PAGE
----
Professor
Psychology
Telephone: (01792) 295586
Room: Postgraduate room - 807
Eighth Floor
Vivian Building
Singleton Campus

I study the relationship between sleep and cognition, including effects of sleep loss, memory consolidation functions of sleep, causes and possible functions of dreaming, nightmares, and lucid dreams.

  • MA, Natural Sciences, Cambridge University
  • PhD, Brunel University

Areas of Expertise

  • sleep
  • dreaming
  • memory
  • learning
  • REM sleep

Publications

  1. & Insight from the consideration of REM dreams, Non-REM dreams and Daydreams. Psychology of Consciousness: Theory, Research, and Practice
  2. & Incorporation of recent waking-life experiences in dreams correlates with frontal theta activity in REM sleep. Social Cognitive and Affective Neuroscience 13(6), 637-647.
  3. & The nature of delayed dream incorporation (‘dream-lag effect’): Personally significant events persist, but not major daily activities or concerns. Journal of Sleep Research 27, e12697
  4. & Daydreams incorporate recent waking life concerns but do not show delayed (‘dream-lag’) incorporations. Consciousness and Cognition 58, 51-59.
  5. & Characteristics of the memory sources of dreams: A new version of the content-matching paradigm to take mundane and remote memories into account. PLOS ONE 12(10), e0185262

See more...

Teaching

  • PSA113 Biological Psychology

    This module provides an introduction to biological psychology and the influence of the biological approach on the wider discipline of psychology. Through a series of lectures and tutorials this module will consider the structure and function of the brain and central nervous system and how they underpin human behaviour. The importance of understanding the role of hormones and neurotransmitters on physiology and behaviour as well as the biological basis of individual differences will be covered. These fundamental elements will be explored through by key topics such as emotions, motivated behaviour, language, sleep, learning and memory, and schizophrenia. The importance of understanding evolutionary psychology and gene environment interactions will also be integrated throughout the module.

  • PSY113 Biological Psychology

    This module provides an introduction to biological psychology and the influence of the biological approach on the wider discipline of psychology. Through a series of lectures and tutorials this module will consider the structure and function of the brain and central nervous system and how they underpin human behavior. The importance of understanding the role of hormones and neurotransmitters on physiology and behavior as well as the biological basis of individual differences will be covered. These fundamental elements will be explored through key topics such as emotions, motivated behavior, language, sleep, learning and memory, and schizophrenia. The importance of understanding evolutionary psychology and gene environment interactions will also be integrated throughout the module.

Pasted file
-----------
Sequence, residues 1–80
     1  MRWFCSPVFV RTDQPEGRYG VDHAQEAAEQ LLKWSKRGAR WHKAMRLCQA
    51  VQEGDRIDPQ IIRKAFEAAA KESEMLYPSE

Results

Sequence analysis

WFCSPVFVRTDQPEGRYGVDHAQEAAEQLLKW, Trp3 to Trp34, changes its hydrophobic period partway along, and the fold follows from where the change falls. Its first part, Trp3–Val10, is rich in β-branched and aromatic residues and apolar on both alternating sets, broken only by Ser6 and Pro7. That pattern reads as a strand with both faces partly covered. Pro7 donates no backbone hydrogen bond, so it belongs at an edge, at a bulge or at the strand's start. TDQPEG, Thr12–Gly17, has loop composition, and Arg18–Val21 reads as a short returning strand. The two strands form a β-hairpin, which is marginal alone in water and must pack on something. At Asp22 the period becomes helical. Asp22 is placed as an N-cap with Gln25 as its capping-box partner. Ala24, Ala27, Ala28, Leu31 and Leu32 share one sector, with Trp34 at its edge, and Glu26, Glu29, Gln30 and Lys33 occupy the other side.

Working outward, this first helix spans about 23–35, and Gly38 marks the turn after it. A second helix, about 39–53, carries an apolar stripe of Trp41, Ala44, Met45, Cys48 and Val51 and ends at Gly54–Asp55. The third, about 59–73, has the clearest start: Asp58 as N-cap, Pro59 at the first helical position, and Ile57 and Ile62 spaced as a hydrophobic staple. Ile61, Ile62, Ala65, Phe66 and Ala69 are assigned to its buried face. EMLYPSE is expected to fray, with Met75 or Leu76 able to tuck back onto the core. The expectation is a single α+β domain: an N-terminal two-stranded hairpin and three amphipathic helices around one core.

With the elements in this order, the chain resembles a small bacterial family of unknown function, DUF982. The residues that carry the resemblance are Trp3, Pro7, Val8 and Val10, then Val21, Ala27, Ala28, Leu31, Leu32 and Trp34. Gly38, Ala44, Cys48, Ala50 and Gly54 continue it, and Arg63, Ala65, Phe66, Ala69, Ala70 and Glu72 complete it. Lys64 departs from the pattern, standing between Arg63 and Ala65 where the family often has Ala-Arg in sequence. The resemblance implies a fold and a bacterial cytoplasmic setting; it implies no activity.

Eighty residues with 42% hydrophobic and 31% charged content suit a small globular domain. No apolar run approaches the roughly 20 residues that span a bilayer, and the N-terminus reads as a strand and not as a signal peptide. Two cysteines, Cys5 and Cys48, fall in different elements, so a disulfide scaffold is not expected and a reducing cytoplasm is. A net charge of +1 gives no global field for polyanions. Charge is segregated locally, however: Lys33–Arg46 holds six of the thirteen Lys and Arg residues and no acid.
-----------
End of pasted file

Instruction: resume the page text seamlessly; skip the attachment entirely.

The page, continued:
• PSY319 Final Year Independent Research Project

    Students conduct an independent research project under the supervision of a member of staff. The research topic is decided in conjunction with supervisors and Research topics. Students must obtain ethical approval, design, conduct, analyse and write up a piece of research in order to achieve Graduate Basis for Chartership with the British Psychological Society (BPS).

  • PSY325 Independent Research Project - Joint Honours

    Students conduct an independent research project under the supervision of a member of staff. Students must obtain ethical approval, design, conduct, analyse and write up a piece of research in order to achieve Graduate Basis for Chartership with the British Psychological Society.

  • PSY357 Sleep and Dreaming

    The module provides an in depth look at the psychology and neuroscience of dreaming. It addresses the relationship between dreaming and the stages of sleep, and the relationship with waking life events and concerns. The module covers research conducted in sleep laboratories as well as research on dreams collected at home. Different types of dreams are explored, such as lucid dreams and nightmares. The relevance of Freud to current work in experimental psychology on dreaming is critically evaluated, including claims that dreams can be a source of personal insight. Finally, students will be able to explore the current debated issue of whether dreaming has a function, and whether this function is related to proposed functions for sleep.

Supervision

  • Exploring cognition in visual search and vigilance tasks with eye-tracking and pupilometry (current)

    Student name:
    PhD
    Other supervisor: Dr Stephen Johnston

Administrative Responsibilities

  • Head of Department - College of Human and Health Sciences, Swansea University

    2008 - 2016

Career History

Start Date End Date Position Held Location
1989 1991 Research Fellow Loughborough University
1991 Present Lecturer/Senior Lecturer/Reader/Professor Swansea University

External Responsibilities

  • Fellow, British Psychological Society

    2013 - Present

  • Peer Review College Member, Economic and Social Research Council

    2012 - Present

Key Grants and Projects

  • Dream content as a measure of memory consolidation across multiple periods of sleep 2012 - 2013

    £100k award, with J-B. Eichenlaub, E. van Rijn, P. Lewis, G. Gaskell, M. Walker, ESRC

Research Groups

  • Sleep Lab

    The Swansea University Sleep Laboratory investigates sleep, dreaming, and what happens when people are deprived of sleep. Undergraduate and postgraduate students in the Department of Psychology are involved in this work.